By faith he forsook Egypt, not fearing the wrath of the king: for he endured, as seeing him who is invisible. Through faith he kept the passover, and the sprinkling of blood, lest he that destroyed the firstborn should touch them. By faith they passed through the Red sea as by dry land: which the Egyptians assaying to do were drowned.
The word which opens Exodus is a conjunction that is better translated and rather than now. Exodus has been called the sequel to Genesis. Dr. G. Campbell Morgan wrote, “In the Book of Exodus nothing is commenced, nothing is finished.”
Genesis 46:27 tells us that seventy souls of Jacob entered Egypt. It is conservatively estimated that 2,100,000 left Egypt at the time of the Exodus. Although it is impossible to be certain about dates in this early period, it would seem that Joseph entered Egypt under the Hyksos or shepherd kings who were Semitic conquerors, and were related to Abraham, Isaac, and Jacob.
Actually, the Israelites may have been their only friends, as they were hated by Egyptians. Finally they were driven out by a native Egyptian dynasty which was understandably hostile to foreigners. In this line was the Pharaoh of the oppression and the one “who knew not Joseph.
Moses figures prominently in the Book of Exodus. He is the author of the Pentateuch which includes the first five books of the Old Testament—Genesis, Exodus, Leviticus, Numbers, and Deuteronomy. In the Book of Exodus, Moses’ life is divided into three forty–year periods:
1. Forty years in Pharaoh’s palace in Egypt
2. Forty years in the desert in Midian
3. Forty years in the wilderness as leader of Israel
Moses’ training in Egypt, evidently in the Temple of the Sun, did not prepare him to follow God in leading Israel out of Egypt. God trained him in the desert for forty years to reveal to him that he could not deliver Israel alone. God gave Moses a B.D. (Backside of the Desert) degree.
It should be noted that after God prepared Moses to deliver his people, He sent him back to Egypt after forty years. Moses is to assemble elders of Israel and go to Pharaoh. Pharaoh will refuse to let Israel go. His refusal will open the contest between God and the gods of Egypt. Egypt was dominated by idolatry—“gods many and lords many.” There were thousands of temples and millions of idols. Behind idolatry was Satan.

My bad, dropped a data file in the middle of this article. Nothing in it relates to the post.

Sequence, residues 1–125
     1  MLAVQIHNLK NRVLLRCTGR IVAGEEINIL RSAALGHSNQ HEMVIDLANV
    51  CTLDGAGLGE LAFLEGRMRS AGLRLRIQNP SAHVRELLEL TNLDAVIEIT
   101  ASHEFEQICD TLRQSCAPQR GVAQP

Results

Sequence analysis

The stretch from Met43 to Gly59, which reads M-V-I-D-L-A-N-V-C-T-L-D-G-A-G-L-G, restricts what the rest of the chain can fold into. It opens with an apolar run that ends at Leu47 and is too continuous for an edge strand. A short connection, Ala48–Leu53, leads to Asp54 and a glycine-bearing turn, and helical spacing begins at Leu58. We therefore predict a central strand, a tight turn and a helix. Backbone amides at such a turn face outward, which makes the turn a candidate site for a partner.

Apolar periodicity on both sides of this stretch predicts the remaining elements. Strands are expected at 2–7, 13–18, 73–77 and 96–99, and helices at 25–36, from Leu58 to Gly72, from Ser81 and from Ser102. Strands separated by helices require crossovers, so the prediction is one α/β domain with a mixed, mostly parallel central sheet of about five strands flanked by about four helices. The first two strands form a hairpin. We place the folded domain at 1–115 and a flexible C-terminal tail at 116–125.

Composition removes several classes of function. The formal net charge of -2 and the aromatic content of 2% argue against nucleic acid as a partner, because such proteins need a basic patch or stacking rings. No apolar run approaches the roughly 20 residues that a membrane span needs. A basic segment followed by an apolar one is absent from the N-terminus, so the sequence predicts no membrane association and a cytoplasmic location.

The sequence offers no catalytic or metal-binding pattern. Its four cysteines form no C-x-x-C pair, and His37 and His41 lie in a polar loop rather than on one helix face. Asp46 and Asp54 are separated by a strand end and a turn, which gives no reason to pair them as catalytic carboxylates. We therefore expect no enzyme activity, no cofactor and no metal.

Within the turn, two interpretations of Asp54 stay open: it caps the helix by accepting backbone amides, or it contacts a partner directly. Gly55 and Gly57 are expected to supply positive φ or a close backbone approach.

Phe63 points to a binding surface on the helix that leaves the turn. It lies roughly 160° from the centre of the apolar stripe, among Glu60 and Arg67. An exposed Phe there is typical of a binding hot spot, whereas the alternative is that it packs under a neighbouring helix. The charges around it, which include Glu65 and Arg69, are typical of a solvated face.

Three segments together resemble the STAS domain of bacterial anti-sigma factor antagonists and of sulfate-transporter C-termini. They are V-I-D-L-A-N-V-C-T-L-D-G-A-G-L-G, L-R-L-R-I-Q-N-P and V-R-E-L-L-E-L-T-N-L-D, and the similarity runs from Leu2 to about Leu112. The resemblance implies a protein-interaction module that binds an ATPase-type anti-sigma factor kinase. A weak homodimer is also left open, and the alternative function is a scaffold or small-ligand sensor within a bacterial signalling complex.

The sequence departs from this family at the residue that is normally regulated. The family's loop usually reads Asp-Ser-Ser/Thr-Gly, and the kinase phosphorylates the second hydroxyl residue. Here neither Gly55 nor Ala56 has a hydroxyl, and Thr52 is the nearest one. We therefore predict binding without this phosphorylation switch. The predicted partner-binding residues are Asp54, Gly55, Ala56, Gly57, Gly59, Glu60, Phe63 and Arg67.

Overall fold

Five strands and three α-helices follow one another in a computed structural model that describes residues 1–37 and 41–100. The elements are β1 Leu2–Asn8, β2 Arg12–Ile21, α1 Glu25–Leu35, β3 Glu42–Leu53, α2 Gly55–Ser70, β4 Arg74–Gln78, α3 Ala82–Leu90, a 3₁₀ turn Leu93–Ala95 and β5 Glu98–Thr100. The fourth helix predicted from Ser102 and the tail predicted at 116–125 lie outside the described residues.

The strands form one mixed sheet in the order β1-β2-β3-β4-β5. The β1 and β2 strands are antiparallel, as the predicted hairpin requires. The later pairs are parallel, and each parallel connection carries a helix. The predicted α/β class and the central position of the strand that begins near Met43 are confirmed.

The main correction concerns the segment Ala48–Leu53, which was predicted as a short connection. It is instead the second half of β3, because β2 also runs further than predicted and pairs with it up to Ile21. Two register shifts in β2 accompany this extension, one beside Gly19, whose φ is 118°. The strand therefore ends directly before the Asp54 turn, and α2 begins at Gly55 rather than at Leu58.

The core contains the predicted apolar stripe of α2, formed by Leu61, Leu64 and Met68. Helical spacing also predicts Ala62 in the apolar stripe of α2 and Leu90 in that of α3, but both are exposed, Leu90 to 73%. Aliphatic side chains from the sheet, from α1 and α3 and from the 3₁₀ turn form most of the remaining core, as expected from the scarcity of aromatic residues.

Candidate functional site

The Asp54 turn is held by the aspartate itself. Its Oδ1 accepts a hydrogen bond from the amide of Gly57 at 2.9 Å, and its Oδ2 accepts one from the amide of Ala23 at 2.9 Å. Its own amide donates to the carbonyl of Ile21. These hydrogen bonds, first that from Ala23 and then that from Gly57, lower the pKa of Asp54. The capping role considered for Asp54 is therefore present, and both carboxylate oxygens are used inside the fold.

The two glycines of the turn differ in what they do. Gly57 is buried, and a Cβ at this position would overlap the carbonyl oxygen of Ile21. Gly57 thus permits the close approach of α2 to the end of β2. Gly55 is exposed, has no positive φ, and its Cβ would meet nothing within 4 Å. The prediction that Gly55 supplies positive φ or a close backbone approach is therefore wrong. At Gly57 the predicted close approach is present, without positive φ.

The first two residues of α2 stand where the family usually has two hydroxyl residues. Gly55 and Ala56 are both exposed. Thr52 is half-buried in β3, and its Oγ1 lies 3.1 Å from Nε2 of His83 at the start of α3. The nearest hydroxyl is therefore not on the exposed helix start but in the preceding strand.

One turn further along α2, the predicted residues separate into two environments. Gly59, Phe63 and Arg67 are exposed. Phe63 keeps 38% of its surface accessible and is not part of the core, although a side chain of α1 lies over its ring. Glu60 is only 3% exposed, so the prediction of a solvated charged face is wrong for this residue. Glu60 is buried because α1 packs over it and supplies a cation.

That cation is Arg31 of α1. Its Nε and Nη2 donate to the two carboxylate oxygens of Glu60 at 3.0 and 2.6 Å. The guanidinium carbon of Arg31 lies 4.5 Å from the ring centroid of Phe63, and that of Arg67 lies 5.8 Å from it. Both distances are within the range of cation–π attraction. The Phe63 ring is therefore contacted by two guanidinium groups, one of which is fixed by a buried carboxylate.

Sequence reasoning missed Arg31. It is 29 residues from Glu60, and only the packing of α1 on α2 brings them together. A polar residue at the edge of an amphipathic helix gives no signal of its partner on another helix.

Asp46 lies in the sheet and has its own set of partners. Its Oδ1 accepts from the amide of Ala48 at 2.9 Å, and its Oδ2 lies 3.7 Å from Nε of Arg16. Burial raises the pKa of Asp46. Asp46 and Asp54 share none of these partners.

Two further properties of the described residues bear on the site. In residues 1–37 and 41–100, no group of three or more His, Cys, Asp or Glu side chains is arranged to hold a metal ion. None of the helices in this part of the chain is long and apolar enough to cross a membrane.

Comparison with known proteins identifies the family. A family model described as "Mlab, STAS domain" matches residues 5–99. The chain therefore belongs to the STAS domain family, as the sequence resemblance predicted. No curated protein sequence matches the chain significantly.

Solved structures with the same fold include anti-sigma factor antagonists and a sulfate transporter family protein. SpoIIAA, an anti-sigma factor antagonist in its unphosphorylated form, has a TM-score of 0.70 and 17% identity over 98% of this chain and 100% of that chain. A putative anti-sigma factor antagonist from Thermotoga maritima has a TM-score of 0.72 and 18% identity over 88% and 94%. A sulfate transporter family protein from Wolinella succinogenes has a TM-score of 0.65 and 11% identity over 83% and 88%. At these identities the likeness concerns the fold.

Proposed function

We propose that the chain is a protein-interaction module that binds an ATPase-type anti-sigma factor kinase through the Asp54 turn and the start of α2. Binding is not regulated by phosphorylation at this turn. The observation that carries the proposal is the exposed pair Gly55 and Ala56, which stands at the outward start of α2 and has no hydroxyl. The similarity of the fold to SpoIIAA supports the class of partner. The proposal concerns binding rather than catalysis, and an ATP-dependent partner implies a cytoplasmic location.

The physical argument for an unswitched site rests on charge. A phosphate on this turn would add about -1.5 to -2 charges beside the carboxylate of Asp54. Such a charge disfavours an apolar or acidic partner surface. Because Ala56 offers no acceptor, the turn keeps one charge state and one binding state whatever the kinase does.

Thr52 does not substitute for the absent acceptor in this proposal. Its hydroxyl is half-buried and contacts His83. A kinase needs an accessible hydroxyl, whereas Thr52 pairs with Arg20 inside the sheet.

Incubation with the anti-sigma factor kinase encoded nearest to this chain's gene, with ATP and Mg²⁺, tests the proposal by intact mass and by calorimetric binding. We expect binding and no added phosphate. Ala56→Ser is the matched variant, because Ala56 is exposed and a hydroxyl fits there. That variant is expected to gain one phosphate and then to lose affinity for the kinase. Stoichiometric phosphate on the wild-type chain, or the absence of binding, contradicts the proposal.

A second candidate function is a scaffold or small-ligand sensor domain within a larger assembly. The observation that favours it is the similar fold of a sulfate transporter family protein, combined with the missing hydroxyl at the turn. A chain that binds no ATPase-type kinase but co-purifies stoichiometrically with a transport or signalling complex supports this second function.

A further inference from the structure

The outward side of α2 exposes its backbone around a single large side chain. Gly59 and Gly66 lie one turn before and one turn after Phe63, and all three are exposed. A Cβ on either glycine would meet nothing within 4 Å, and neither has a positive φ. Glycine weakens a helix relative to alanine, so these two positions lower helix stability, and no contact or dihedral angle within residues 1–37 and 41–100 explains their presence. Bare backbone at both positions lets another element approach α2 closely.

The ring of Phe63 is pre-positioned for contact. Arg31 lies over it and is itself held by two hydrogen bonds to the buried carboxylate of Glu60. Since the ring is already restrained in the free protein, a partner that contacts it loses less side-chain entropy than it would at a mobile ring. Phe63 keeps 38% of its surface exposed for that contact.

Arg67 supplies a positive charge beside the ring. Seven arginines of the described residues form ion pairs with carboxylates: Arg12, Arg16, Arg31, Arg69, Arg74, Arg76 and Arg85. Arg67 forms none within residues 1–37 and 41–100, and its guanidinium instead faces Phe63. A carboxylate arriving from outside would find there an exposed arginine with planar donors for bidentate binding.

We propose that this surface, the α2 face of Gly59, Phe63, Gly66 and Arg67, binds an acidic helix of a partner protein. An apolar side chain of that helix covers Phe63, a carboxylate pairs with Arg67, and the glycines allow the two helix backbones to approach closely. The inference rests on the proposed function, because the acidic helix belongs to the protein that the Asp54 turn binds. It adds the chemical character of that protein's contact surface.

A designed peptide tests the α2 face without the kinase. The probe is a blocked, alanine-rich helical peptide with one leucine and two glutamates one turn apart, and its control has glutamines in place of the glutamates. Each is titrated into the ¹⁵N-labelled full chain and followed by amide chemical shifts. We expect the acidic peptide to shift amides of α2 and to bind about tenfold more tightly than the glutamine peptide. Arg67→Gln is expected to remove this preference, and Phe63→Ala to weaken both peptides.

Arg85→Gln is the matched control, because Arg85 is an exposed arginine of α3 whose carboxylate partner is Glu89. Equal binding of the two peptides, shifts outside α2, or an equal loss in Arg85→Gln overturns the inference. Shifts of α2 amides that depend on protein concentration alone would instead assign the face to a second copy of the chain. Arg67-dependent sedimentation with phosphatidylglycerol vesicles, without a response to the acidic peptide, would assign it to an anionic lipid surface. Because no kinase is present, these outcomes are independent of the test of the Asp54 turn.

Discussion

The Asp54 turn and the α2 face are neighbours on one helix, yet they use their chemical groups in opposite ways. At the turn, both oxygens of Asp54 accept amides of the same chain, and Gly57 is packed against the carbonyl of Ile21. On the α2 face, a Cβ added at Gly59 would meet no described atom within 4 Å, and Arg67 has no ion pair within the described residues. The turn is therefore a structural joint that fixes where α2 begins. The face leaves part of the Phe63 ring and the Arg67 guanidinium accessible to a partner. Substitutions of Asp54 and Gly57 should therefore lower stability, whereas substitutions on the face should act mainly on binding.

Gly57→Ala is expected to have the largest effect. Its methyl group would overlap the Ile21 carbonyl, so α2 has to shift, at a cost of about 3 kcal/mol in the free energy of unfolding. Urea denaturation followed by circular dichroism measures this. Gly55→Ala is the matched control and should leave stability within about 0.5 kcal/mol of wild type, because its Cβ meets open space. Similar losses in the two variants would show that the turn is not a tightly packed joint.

There was power in the religion of Egypt—“Now as Jannes and Jambres withstood Moses, so do these also resist the truth: men of corrupt minds, reprobate concerning the faith” (2 Tim. 3:8). Pharaoh asked, “… Who is the Lord, that I should obey his voice to let Israel go? I know not the Lord, neither will I let Israel go” (Exod. 5:2). God introduced Himself. Pharaoh got acquainted with God and acknowledged Him as God. “And Pharaoh sent, and called for Moses and Aaron, and said unto them, I have sinned this time: the Lord is righteous, and I and my people are wicked” (Exod. 9:27). “Then Pharaoh called for Moses and Aaron in haste; and he said, I have sinned against the Lord your God, and against you” (Exod. 10:16).
A question arises from this episode: Why the plagues? They were God’s battle with the gods of Egypt. Each plague was directed against a particular god in Egypt. “For I will pass through the land of Egypt this night, and will smite all the firstborn in the land of Egypt, both man and beast; and against all the gods of Egypt I will execute judgment: I am the Lord” (Exod. 12:12). God wanted to reveal to His own people that He, the Lord, was far greater than any god of Egypt and that He had power to deliver them.
(McGee, J. Vernon. Thru the Bible Commentary, Vol. 4: Exodus 1-18. Nashville, TN: Thomas Nelson Publishers, 1991.)
Editions of Thru the Bible Commentaries